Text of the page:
The first items they sewed were bed sheets and prayer materials for women. They then made face masks during the COVID-19 pandemic. Some were purchased by members of the army, with around 200 pieces sold to them.
Recently, they’ve made uniforms for the opening of schools. The women sell these garments both within their community and to others at events.
There are 17 active members in the group, including a president, a vice president, and a treasurer, allowing them to have some structure across their business. This helps to ensure their operations are sustainable not just in the short term, but for the future as well.
The dressmaking initiative has meant that both Fatima and Amina, who are devout mothers, are better able to provide for their families.
Moreover, for women like Amina, the dressmaking project has been a good emotional distraction.
Every time we hear gunshots, it reminds me of the Marawi siege, as though it’s happening again. However, since the dressmaking project became a habit and a livelihood, it has helped ease the trauma that we had. It’s empowering!"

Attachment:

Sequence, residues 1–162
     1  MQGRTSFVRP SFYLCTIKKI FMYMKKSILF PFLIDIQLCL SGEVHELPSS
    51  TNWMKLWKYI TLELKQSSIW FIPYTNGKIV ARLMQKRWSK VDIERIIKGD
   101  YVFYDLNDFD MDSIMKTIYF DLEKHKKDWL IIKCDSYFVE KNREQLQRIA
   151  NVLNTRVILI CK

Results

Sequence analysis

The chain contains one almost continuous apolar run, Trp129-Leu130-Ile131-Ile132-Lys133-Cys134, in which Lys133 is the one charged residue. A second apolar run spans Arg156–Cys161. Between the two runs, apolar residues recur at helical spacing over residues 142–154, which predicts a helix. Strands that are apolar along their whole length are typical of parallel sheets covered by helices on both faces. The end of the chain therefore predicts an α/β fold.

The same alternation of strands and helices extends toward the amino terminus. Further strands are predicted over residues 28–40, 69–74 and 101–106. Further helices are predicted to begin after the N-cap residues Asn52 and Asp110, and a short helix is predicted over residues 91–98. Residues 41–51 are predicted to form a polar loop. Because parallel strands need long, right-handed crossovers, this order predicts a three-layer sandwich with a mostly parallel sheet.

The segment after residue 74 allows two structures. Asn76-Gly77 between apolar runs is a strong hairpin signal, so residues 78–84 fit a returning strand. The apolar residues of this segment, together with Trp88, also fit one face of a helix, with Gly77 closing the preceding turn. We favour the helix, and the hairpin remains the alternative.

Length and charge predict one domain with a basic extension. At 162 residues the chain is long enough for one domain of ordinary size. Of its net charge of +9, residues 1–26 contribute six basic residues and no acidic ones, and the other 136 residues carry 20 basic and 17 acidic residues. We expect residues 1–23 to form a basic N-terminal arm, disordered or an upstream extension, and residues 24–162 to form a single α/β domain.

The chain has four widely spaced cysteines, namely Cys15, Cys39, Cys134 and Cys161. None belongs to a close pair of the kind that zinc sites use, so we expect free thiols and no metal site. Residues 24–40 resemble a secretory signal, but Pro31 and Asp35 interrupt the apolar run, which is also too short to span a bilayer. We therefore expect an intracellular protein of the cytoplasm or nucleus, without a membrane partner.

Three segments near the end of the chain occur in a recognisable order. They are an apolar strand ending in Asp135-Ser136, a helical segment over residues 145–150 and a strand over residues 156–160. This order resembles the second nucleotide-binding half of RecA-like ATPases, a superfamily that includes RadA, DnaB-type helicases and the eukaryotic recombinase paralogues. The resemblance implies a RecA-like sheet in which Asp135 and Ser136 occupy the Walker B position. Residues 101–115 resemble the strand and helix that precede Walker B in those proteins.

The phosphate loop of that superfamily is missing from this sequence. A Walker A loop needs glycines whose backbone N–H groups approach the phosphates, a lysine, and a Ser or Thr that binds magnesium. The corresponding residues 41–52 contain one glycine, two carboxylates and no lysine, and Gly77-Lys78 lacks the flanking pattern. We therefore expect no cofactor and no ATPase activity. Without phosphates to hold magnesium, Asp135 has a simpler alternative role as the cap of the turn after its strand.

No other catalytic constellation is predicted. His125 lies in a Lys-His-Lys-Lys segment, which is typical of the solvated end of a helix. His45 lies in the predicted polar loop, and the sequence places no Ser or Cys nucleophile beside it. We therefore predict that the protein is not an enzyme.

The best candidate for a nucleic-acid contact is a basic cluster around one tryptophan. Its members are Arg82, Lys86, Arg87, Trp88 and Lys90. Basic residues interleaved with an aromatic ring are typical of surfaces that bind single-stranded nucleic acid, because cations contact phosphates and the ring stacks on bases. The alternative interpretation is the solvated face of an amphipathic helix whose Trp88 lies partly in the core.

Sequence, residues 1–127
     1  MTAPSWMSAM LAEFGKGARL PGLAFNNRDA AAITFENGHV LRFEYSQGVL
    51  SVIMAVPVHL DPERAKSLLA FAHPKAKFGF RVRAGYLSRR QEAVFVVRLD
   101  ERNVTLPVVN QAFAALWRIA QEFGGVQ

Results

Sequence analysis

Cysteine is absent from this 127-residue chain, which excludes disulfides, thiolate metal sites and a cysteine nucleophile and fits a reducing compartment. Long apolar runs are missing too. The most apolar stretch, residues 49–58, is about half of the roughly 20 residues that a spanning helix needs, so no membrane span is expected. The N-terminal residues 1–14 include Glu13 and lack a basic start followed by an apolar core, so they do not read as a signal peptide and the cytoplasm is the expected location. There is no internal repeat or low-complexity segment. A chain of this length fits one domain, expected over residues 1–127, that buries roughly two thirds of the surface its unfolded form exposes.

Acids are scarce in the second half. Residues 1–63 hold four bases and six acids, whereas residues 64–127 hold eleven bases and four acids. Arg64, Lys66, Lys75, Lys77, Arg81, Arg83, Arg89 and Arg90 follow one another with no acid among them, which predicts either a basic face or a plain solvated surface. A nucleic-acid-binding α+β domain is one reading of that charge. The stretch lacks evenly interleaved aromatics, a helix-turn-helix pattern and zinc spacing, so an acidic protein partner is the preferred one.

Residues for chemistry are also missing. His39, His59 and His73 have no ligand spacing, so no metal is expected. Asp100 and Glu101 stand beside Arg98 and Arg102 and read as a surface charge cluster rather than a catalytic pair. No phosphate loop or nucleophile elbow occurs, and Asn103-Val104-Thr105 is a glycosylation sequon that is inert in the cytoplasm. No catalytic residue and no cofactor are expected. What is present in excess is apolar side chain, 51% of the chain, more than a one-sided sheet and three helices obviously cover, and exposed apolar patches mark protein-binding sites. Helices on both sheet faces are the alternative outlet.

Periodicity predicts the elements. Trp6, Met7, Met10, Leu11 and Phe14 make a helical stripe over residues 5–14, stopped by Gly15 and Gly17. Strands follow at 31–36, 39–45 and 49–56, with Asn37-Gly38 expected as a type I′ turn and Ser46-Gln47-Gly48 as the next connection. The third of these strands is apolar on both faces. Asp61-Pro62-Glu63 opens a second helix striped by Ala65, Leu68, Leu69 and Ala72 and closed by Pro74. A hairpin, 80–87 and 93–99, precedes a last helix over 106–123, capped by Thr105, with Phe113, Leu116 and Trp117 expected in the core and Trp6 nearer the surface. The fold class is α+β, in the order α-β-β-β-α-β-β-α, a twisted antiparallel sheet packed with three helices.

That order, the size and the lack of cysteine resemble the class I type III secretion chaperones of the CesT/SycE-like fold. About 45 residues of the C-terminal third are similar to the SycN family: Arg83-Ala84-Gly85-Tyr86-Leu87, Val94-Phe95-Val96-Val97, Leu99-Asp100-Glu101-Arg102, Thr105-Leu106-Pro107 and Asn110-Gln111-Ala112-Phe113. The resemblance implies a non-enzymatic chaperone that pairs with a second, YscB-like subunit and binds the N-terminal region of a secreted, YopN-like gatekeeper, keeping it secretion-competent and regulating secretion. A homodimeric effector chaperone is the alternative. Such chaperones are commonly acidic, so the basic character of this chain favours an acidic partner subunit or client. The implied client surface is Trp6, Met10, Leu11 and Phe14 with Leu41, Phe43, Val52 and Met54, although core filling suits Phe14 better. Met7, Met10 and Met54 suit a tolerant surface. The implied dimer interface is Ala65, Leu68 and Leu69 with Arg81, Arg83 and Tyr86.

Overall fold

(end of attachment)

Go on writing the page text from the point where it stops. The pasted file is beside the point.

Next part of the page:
The initiative also fosters teamwork as the members help one another. For example, if a member is unemployed, the other women will train them on basic skills like putting sequins on the fabric so they too can have a livelihood.
Unlocking the power of youth
Fatima and Amina have also been given an opportunity to work with the assistance of youth social enterprise groups like N'ditarun Tano.
With VSO’s support, N'ditarun Tano sells garments nationwide via Facebook. Some of the pieces of clothing feature part designs from the women’s dressmaking group. Every time an item is sold, 30% of the profit goes to them.
Looking to the future, Amina wishes that the clothes-making business will grow bigger and become better known. If so, her son will be able to finish his studies with the income that she earns from the initiative.
Fatima hopes that she will provide her children with what they want, “I don’t have aspirations to be the richest in our community, but I just hope I can support my family all the way.”
*The names in this story have been changed.